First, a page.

The basis of the interface is a machine-dependent mex-file called mexcdf53. Rather than call the mex-file directly users are advised to employ both Chuck Denham's netCDF toolbox and the CSIRO MATLAB/netCDF interface described here. For read-only access to existing netCDF data, the CSIRO interface has a simpler syntax than the netCDF Toolbox, but the latter may also be used to create and manipulate netCDF variables and datasets.


The Data and Dimensions Interface (DDI) addresses a significant problem in the visualization of large data sets: Extracting only the relevant data and providing it to a chosen graphics engine in the required form without undue effort.

DDI transfers data between files, formats and visualization systems. It works within the specifications of each supported format to promote compatibility. DDI provides the following capabilities:

DDI operates in two modes:

DDI is available for a number of computer systems via anonymous FTP.

The Introduction to DDI and DDI Reference Manual are WWW-accessible:

DDI was developed as a collaboration between the Program for Climate Model Diagnosis and Intercomparison (PCMDI), and the National Energy Research Supercomputer Center (NERSC), both of Lawrence Livermore National Laboratory (LLNL). DDI was developed by Chris L. Anderson, Robert S. Drach, and Dean N. Williams.


NOAA's Pacific Marine Environmental Laboratory (PMEL) has developed the EPIC software package for oceanographic data. EPIC provides graphical display and data field manipulation for multi-dimensional netCDF files (up to 4 dimensions). PMEL has been using this software on Unix and VMS several years. At present, they have:

This software was developed on Sun/Unix and is also supported for DEC/Ultrix and VAX/VMS as a system for data management, display and analysis system for observational oceanographic time series and hydrographic data. The EPIC software includes over 50 programs for oceanographic display and analysis, as well as utilities for putting in-situ or observational data on-line (with on-the-fly graphics and data download) on the WWW.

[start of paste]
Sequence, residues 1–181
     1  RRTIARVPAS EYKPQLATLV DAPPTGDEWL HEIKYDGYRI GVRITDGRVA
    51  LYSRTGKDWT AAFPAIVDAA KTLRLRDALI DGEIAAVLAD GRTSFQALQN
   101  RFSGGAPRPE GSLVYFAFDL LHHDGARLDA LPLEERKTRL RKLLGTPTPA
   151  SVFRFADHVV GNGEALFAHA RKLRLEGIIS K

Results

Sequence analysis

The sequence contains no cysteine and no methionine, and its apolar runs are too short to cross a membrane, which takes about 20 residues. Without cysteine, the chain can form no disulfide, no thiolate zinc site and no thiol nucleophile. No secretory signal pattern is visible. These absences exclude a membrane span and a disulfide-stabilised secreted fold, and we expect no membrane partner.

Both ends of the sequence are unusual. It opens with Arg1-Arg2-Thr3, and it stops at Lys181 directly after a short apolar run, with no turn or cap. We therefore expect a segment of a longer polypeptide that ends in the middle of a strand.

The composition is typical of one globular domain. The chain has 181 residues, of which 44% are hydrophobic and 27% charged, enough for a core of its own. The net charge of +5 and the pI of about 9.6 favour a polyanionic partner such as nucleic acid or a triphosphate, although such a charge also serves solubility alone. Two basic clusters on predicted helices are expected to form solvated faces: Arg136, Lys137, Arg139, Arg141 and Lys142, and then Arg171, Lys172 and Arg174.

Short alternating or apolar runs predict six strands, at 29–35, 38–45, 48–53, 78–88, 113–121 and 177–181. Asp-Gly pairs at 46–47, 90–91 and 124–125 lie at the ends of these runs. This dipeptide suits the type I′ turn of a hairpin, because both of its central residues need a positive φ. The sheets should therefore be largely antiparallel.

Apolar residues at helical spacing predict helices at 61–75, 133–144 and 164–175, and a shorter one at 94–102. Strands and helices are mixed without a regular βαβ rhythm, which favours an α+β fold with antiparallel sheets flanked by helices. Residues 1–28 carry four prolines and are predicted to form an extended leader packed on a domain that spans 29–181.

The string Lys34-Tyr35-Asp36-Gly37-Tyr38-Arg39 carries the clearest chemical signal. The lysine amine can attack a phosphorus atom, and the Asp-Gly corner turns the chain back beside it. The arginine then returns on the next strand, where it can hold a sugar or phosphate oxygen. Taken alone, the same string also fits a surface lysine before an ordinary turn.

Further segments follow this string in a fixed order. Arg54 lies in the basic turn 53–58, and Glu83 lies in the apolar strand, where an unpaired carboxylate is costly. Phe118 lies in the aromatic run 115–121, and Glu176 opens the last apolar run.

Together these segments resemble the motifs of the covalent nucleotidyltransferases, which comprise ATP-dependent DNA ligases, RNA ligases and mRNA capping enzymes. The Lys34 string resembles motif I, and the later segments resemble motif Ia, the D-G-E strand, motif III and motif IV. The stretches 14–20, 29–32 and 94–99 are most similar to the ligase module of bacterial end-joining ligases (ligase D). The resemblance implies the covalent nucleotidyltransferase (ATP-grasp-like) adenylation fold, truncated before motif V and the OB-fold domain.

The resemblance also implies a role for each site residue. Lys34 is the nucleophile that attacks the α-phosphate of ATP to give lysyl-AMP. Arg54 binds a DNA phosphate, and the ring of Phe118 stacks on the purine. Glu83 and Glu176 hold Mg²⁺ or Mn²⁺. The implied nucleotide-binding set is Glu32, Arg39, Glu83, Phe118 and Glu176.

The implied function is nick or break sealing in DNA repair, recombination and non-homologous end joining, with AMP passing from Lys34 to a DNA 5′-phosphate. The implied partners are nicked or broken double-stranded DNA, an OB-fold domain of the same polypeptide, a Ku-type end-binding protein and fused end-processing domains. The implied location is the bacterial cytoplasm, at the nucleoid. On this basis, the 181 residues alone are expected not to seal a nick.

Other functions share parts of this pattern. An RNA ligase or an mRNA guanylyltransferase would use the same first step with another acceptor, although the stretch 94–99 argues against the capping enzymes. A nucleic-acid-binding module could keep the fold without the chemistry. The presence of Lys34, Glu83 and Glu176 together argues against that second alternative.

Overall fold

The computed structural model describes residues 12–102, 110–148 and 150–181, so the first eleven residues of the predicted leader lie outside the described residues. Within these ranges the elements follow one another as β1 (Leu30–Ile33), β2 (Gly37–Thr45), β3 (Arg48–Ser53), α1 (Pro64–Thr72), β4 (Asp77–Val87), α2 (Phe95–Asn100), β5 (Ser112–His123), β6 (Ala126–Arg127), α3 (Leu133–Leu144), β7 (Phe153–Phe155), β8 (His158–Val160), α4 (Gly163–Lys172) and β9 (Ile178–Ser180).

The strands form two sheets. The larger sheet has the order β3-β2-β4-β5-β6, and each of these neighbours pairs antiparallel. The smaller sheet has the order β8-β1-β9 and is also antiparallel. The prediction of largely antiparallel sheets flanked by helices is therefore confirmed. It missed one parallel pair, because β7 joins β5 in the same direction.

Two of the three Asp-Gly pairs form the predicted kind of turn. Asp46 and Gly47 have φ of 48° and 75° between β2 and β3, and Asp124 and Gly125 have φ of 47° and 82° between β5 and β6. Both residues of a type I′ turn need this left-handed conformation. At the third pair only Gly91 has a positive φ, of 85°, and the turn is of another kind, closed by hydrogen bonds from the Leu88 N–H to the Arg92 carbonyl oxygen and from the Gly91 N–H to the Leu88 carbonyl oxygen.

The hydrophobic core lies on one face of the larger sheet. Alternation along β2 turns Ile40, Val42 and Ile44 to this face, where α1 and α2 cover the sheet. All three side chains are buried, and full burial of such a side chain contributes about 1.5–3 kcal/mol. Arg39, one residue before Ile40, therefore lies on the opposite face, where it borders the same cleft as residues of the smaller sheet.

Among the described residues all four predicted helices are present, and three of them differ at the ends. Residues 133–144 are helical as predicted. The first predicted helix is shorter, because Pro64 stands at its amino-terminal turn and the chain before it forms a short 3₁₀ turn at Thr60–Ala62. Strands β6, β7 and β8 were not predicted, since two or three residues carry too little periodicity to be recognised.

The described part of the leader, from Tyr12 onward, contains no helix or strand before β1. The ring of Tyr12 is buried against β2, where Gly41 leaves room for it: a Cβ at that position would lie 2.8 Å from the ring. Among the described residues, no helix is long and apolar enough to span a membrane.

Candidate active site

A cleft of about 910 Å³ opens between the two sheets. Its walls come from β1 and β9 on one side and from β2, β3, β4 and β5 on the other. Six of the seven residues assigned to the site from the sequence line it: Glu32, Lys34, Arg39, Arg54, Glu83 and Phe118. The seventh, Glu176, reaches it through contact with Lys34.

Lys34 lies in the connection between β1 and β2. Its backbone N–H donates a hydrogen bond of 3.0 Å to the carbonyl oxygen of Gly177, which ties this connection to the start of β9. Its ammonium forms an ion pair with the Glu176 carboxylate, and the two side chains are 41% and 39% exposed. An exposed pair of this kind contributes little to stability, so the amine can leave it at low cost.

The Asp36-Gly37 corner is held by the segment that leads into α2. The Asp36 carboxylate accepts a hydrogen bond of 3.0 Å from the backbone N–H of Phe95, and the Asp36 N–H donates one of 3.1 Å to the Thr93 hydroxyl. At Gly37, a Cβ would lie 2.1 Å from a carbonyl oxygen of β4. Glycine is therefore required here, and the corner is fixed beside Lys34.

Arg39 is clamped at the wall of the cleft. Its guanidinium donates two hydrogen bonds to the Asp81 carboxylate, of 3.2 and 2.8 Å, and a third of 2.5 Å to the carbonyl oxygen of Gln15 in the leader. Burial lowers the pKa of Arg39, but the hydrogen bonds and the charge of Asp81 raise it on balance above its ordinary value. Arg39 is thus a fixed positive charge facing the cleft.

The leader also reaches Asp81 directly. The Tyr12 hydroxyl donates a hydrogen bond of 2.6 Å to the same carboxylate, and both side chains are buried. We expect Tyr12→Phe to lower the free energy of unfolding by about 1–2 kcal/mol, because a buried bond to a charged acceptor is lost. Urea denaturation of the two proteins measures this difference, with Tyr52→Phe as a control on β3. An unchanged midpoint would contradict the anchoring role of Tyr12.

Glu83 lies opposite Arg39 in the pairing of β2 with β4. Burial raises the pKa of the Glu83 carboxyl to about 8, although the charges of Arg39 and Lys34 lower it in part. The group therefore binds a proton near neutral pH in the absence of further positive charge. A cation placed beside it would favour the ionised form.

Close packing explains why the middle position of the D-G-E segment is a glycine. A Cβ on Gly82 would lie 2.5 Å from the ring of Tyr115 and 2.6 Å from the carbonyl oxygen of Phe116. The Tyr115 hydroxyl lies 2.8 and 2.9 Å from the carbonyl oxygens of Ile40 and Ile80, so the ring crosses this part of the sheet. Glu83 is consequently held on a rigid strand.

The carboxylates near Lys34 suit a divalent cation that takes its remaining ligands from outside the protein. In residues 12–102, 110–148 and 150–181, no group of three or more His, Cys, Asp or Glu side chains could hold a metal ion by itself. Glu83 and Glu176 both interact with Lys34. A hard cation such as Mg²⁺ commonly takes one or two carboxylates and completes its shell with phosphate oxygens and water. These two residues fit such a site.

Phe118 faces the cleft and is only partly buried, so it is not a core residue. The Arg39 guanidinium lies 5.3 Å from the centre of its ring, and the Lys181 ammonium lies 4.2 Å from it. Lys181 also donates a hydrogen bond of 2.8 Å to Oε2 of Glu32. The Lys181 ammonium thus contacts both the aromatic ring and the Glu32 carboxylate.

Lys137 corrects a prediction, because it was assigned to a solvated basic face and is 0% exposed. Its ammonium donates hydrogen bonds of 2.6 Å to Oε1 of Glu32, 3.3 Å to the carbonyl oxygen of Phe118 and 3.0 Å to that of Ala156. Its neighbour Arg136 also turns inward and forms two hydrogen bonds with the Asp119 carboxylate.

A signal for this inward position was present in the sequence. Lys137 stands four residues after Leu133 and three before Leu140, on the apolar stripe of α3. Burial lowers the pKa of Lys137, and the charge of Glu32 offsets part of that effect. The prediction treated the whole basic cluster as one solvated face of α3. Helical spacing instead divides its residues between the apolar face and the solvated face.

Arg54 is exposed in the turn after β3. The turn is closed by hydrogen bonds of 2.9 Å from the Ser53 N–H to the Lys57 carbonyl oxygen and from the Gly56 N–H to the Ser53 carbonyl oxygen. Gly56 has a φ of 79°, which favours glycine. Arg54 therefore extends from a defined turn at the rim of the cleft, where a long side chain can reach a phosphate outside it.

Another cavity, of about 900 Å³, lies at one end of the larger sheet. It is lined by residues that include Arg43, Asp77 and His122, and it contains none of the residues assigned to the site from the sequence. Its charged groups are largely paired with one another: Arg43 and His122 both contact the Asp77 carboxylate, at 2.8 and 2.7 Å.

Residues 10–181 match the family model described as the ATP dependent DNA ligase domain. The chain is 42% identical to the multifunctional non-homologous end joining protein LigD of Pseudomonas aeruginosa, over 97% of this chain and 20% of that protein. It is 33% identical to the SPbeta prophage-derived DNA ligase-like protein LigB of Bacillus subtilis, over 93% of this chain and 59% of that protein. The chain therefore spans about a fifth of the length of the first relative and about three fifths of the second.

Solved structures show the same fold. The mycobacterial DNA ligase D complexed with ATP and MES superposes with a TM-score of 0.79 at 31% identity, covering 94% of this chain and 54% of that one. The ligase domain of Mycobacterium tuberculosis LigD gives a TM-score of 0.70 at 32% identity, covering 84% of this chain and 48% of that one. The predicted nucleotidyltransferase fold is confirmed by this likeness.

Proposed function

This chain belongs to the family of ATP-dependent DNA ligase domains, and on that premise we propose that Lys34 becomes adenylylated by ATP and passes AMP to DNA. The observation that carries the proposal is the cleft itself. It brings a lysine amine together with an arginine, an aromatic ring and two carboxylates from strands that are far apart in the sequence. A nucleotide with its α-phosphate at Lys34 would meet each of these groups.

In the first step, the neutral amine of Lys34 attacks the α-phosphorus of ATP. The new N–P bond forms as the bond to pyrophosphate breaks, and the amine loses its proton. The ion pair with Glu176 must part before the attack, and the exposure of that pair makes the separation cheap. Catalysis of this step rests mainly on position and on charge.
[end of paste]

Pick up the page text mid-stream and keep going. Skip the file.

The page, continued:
The developers are interested in coordinating with others who may be developing oceanographic software for use with netCDF files. The EPIC software is available via anonymous FTP from in the epic/ and /eps directories. To obtain the EPIC software, please see Web pages at For information about EPIC, please see the Web pages at Contact, or Nancy Soreide,, for more information.


A FORTRAN library called EzGet has been developed at PCMDI to facilitate retrieval of modeled and observed climate data stored in popular formats including DRS, netCDF, GrADS, and, if a control file is supplied, GRIB. You can specify how the data should be structured and whether it should undergo a grid transformation before you receive it, even when you know little about the original structure of the stored data (e.g., its original dimension order, grid, and domain).

The EzGet library comprises a set of subroutines that can be linked to any FORTRAN program. EzGet reads files through the cdunif interface, but use of EzGet does not require familiarity with cdunif. The main advantages of using EzGet instead of the lower level cdunif library include:

For more information about EzGet, including instructions for downloading the documentation or software, see the EzGet home page at For questions or comments on EzGet, contact Karl Taylor (